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Interventions for reducing methicillin-resistant Staphylococcus aureus (MRSA) healthcare-associated disease require outcome assessment; this is typically done by manual chart review to determine infection, which can be labor intensive. The purpose of this study was to validate electronic tools for MRSA healthcare-associated infection (HAI) trending that can replace manual medical record review.
Design and Setting.
This was an observational study comparing manual medical record review with 3 electronic methods: raw culture data from the laboratory information system (LIS) in use by our healthcare organization, LIS data combined with admission-discharge-transfer (ADT) data to determine which cultures were healthcare associated (LIS + ADT), and the CareFusion MedMined Nosocomial Infection Marker (NIM). Each method was used for the same 7-year period from August 2003 through July 2010.
The data set was from a 3-hospital organization covering 342,492 admissions.
Correlation coefficients for raw LIS, LIS + ADT, and NIM were 0.976, 0.957, and 0.953, respectively, when assessed on an annual basis. Quarterly performance for disease trending was also good, with R2 values exceeding 0.7 for all methods.
The electronic tools accurately identified trends in MRSA HAI incidence density when all infections were combined as quarterly or annual data; the performance is excellent when annual assessment is done. These electronic surveillance systems can significantly reduce (93% [in-house-developed program] to more than 99.9999% [commercially available systems]) the personnel resources needed to monitor the impact of a disease control program.
To evaluate the cost-effectiveness and detection sensitivity associated with three active surveillance strategies for the identification of patients harboring vancomycin-resistant enterococci (VRE) to determine which is the most medically and economically useful.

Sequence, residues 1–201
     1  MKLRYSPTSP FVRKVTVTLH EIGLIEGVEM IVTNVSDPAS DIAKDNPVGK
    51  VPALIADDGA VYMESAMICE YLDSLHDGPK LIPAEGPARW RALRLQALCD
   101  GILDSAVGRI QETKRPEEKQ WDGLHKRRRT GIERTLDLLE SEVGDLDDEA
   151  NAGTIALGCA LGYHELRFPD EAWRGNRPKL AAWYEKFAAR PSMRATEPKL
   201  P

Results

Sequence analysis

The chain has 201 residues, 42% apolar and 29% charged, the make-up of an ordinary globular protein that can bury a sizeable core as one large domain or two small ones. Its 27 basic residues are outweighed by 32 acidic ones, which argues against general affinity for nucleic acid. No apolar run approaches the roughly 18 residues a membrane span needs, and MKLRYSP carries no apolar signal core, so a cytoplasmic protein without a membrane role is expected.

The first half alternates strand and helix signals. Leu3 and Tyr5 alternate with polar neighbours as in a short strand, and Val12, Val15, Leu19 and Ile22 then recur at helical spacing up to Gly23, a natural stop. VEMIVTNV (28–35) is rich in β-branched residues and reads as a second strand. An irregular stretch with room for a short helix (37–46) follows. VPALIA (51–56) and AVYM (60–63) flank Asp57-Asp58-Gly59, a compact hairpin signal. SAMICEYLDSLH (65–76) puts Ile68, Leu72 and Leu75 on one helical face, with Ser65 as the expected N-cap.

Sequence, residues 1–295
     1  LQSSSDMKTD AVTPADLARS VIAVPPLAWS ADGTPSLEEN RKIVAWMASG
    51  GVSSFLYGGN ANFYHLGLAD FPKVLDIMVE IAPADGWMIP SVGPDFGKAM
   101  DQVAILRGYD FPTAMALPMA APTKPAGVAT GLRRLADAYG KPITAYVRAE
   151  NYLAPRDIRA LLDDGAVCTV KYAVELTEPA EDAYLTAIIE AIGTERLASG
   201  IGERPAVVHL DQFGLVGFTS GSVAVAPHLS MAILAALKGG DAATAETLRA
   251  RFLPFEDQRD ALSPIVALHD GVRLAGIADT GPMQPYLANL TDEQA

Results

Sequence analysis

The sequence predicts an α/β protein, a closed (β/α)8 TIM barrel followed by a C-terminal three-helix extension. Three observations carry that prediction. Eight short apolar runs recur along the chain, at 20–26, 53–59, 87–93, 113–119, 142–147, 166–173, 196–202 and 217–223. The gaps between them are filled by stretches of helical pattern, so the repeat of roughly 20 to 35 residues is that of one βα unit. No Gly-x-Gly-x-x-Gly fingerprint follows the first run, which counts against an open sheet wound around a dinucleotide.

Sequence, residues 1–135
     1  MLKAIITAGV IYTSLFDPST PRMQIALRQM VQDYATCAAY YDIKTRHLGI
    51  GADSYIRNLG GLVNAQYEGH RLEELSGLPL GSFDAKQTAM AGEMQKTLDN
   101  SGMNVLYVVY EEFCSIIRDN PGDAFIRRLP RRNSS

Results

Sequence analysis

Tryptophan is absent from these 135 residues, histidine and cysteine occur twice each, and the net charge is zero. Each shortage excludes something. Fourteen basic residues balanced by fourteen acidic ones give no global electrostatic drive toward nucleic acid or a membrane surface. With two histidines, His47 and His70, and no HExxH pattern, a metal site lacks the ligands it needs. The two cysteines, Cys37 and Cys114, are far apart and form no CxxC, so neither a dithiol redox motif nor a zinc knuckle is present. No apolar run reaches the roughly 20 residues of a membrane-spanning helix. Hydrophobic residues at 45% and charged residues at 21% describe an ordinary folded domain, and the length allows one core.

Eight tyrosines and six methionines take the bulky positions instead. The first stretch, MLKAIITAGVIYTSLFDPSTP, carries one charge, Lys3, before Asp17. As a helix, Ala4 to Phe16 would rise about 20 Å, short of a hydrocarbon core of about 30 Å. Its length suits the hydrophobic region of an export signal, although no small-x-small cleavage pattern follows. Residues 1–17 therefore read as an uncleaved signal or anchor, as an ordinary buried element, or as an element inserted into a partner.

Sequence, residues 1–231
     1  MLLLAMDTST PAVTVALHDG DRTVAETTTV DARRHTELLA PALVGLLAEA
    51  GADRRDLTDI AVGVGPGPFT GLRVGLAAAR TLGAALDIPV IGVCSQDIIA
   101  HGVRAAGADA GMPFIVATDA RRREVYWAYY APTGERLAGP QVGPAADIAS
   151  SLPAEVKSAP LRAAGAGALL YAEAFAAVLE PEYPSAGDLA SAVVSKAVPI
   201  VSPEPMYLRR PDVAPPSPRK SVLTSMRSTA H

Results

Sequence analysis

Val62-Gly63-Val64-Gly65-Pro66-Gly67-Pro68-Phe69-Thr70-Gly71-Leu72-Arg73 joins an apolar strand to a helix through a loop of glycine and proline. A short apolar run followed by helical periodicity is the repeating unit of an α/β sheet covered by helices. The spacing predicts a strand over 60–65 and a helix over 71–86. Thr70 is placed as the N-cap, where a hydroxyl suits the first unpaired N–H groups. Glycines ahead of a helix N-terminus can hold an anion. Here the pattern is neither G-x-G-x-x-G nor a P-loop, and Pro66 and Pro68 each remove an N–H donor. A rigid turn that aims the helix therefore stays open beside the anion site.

Culture for VRE from 200 consecutive stool specimens submitted for Clostridium difficile culture. Following this, risk factors were assessed for patients whose culture yielded VRE, and a cost-effectiveness evaluation was performed using a decision analytic model with a probabilistic analysis.
A 688-bed, tertiary-care facility in Chicago, Illinois, with approximately 39,000 annual admissions, 7,000 newborn deliveries, 56,000 emergency department visits, and 115,000 home care and 265,000 outpatient visits.
All stool specimens submitted to the clinical microbiology laboratory for C. difficile culture from hospital inpatients.
From 200 stool samples submitted for C. difficile testing, we identified 5 patients with VRE in non-high-risk areas not screened as part of our routine patient surveillance. Medical record review revealed that all 5 had been hospitalized within the prior 2 years. Three of 5 had a history of renal impairment. The strategy that would involve screening the greatest number of patients (all those with a history of hospital admission in the prior 2 years) resulted in highest screening cost per patient admitted ($2.48), lower per patient admission costs ($480), and the best survival rates.
An expanded VRE surveillance program that encompassed all patients hospitalized within the prior 2 years was a cost-effective screening strategy compared with a more traditional one focused on high-risk units.
Investigate and control an increase in bloodstream infections (BSIs) in an outpatient hemodialysis center.
Patients and Design:
A retrospective cohort study was conducted for patients receiving dialysis at the center from February 2000 to April 2001. A case–control study compared microbiological data for all BSIs that occurred during the study period with those for BSIs that occurred during a baseline period Qanuary 1999 to January 2000). BSI rates before and after a 1-month intervention (May 2001) were assessed. A case was defined as a new BSI during the study period.
The outbreak was polymicrobial, with approximately 30 species. The baseline BSI rate was 0.7 per 100 patient-months. From February 2000 to April 2001, the BSI rate increased to 4.2 per 100 patient-months. Overall, 75% of the BSIs were associated with central venous catheters (CVCs), but CVC use did not fully explain the increase in BSIs. In January 2000, when the center changed ownership, prepackaged CVC dressing kits and biweekly infection control monitoring were discontinued. Beginning in May 2001, staff were educated on CVC care, chlorhexidine replaced povidone-iodine for cutaneous antisepsis, gauze replaced transparent dressings, antimicrobial ointments containing polyethylene glycol at CVC exit sites were discontinued, and patients with CVCs were educated on cutaneous hygiene. After the intervention period, by October 2001, rates decreased to less than 1 BSI per 100 patient-months.
Proper cutaneous antisepsis and access site care is crucial in preventing BSIs in patients receiving hemodialysis. Infection control programs, staff and patient education, and use of optimal antisepsis agents or prepackaged kits are useful toward this end.
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